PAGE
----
The EPA wants to regulate hazardous ‘forever chemicals,’ which are found in items like pizza boxes, nonstick pans, and cleaning products

A nonstick frying pan.
  • Forever chemicals can’t break down and linger in the soil, water, and air.
  • Many household items contain forever chemicals, including nonstick cookware and cleaning products.
  • EPA Administrator Michael Regan outlined the government’s plan to combat PFAS through 2024.

The Biden administration and the Environmental Protection Agency announced a widespread federal effort Monday to protect Americans from perfluoroalkyls and polyfluoroalkyl compounds, a group of manmade chemicals that have been linked to severe health problems like cancer and thyroid disease, The New York Times reported.

Used in industry and consumer products worldwide, PFAS are commonly referred to as “forever chemicals” due to their inability to break down, which causes them to linger in the environment and migrate into soil, water, and air, according to the Agency for Toxic Substances and Disease Registry.

“To safeguard public health and protect the environment, the efforts being announced will help prevent PFAS from being released into the air, drinking systems, and food supply, and the actions will expand cleanup efforts to remediate the impacts of these harmful pollutants,” a White House fact sheet said.

ATSDR lists a variety of household items that contain forever chemicals, including:

  • Some grease-resistant paper, fast food containers and wrappers, microwave popcorn bags, pizza boxes, and candy wrappers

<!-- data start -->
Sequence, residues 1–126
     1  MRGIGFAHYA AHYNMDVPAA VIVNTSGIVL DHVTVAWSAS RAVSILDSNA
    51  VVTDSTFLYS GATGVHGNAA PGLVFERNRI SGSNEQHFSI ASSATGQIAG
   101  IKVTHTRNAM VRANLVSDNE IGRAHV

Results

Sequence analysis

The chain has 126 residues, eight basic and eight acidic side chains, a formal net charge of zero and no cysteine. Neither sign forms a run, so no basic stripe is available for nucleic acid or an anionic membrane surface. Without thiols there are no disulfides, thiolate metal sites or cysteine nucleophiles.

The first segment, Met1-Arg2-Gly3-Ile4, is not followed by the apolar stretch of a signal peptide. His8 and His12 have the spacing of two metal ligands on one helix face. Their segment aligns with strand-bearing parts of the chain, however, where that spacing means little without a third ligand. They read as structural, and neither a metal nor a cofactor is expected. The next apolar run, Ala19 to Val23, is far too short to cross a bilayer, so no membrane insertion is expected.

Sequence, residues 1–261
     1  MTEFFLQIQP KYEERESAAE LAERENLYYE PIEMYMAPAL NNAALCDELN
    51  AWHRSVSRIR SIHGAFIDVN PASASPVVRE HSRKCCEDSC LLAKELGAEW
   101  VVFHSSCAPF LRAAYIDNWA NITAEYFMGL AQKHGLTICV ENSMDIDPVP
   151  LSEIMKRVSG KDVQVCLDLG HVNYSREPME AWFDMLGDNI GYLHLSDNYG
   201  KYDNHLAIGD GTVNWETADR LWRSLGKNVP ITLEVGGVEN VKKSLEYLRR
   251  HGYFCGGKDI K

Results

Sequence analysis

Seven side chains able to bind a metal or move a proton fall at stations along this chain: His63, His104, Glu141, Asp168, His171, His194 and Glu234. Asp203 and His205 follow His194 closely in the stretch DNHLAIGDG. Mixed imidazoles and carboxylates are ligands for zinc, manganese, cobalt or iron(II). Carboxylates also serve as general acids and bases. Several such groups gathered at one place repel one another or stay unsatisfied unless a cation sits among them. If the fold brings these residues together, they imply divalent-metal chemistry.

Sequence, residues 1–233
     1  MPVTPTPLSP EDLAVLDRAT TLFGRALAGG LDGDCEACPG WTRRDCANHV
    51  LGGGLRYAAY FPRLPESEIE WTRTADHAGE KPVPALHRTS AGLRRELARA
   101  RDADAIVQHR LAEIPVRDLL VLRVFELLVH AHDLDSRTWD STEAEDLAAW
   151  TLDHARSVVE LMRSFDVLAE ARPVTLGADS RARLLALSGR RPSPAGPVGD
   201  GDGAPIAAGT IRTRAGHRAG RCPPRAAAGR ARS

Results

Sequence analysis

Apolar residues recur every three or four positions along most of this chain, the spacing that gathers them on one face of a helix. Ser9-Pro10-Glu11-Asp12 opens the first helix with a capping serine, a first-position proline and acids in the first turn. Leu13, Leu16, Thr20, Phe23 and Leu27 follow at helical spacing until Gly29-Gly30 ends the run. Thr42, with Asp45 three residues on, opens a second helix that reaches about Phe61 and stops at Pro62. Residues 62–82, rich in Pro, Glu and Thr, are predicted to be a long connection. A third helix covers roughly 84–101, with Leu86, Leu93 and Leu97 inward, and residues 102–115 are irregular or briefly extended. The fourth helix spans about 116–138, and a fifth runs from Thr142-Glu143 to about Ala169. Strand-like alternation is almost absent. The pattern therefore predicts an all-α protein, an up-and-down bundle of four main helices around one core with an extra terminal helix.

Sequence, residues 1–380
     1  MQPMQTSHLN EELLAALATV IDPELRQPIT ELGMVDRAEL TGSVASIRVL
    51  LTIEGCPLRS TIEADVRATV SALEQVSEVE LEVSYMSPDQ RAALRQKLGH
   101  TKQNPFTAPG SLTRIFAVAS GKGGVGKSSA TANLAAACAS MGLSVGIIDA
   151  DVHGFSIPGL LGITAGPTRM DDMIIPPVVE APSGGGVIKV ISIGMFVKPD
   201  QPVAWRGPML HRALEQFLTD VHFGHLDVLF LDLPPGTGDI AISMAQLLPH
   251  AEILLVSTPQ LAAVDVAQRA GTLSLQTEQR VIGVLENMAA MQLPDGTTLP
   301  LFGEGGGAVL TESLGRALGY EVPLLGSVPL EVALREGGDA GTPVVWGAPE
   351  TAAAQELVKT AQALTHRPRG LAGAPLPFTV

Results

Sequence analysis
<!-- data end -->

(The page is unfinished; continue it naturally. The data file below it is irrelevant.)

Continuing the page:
• Nonstick cookware
  • Stain resistant coatings used on carpets, upholstery, and other fabrics
  • Water resistant clothing
  • Cleaning products
  • Personal care products (shampoo, dental floss) and cosmetics (nail polish, eye makeup)
  • Paints, varnishes, and sealants

As part of the announcement, the EPA Administrator Michael Regan outlined actions that the federal government will take to to mitigate the effects of PFAS, such as holding polluters accountable, preventing further contamination, and investing in more scientific research on the chemicals’ effects.

“We can only make progress if we work in close collaboration with Tribes, states, localities, and stakeholders to enact solutions that follow the science and stand the test of time. To affect meaningful change, engagement, transparency, and accountability will be critical as we move forward,” Regan said in the PFAS Strategic Roadmap.

Other federal bodies involved with efforts to regulate and limit exposure to PFAS include the Department of Defense, Food and Drug Administration, Department of Agriculture, Department of Homeland Security, White House Council on Environmental Quality, and the Department of Health and Human Services, according to a White House fact sheet.